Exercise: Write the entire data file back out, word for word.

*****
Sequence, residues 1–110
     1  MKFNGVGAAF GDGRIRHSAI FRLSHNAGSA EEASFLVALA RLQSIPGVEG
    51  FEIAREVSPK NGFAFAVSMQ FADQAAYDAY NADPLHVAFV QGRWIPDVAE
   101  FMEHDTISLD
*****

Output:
Sequence, residues 1–110
     1  MKFNGVGAAF GDGRIRHSAI FRLSHNAGSA EEASFLVALA RLQSIPGVEG
    51  FEIAREVSPK NGFAFAVSMQ FADQAAYDAY NADPLHVAFV QGRWIPDVAE
   101  FMEHDTISLD